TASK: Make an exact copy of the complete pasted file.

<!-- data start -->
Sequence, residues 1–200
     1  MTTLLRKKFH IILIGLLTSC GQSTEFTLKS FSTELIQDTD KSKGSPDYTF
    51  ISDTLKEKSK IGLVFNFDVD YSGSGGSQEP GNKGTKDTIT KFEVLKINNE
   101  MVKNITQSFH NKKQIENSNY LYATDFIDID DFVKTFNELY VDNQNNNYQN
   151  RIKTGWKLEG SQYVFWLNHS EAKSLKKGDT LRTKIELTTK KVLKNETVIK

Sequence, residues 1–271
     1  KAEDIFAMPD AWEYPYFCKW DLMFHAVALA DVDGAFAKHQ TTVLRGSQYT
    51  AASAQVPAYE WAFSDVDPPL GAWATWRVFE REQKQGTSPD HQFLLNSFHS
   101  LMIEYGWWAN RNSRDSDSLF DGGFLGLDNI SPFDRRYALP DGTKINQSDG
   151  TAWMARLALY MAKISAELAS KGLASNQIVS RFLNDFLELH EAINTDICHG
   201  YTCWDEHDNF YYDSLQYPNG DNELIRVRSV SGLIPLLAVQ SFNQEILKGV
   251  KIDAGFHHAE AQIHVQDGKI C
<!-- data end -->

Sequence, residues 1–200
     1  MTTLLRKKFH IILIGLLTSC GQSTEFTLKS FSTELIQDTD KSKGSPDYTF
    51  ISDTLKEKSK IGLVFNFDVD YSGSGGSQEP GNKGTKDTIT KFEVLKINNE
   101  MVKNITQSFH NKKQIENSNY LYATDFIDID DFVKTFNELY VDNQNNNYQN
   151  RIKTGWKLEG SQYVFWLNHS EAKSLKKGDT LRTKIELTTK KVLKNETVIK

Sequence, residues 1–271
     1  KAEDIFAMPD AWEYPYFCKW DLMFHAVALA DVDGAFAKHQ TTVLRGSQYT
    51  AASAQVPAYE WAFSDVDPPL GAWATWRVFE REQKQGTSPD HQFLLNSFHS
   101  LMIEYGWWAN RNSRDSDSLF DGGFLGLDNI SPFDRRYALP DGTKINQSDG
   151  TAWMARLALY MAKISAELAS KGLASNQIVS RFLNDFLELH EAINTDICHG
   201  YTCWDEHDNF YYDSLQYPNG DNELIRVRSV SGLIPLLAVQ SFNQEILKGV
   251  KIDAGFHHAE AQIHVQDGKI C